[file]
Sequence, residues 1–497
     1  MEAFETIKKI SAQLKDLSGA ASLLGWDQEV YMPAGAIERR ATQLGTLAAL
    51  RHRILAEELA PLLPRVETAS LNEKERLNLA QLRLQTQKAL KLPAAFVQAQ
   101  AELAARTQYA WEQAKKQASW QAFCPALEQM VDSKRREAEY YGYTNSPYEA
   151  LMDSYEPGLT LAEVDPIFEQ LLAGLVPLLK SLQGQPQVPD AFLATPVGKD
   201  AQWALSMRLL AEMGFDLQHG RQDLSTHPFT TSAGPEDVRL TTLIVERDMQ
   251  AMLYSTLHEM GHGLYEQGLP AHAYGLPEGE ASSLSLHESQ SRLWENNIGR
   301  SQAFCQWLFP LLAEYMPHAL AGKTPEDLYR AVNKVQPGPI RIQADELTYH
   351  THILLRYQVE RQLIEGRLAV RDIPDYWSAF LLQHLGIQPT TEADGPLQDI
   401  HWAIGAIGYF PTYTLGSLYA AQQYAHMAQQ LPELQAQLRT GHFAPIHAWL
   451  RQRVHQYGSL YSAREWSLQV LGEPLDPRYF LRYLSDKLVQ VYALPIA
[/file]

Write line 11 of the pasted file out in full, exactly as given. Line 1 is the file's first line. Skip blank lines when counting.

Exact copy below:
   451  RQRVHQYGSL YSAREWSLQV LGEPLDPRYF LRYLSDKLVQ VYALPIA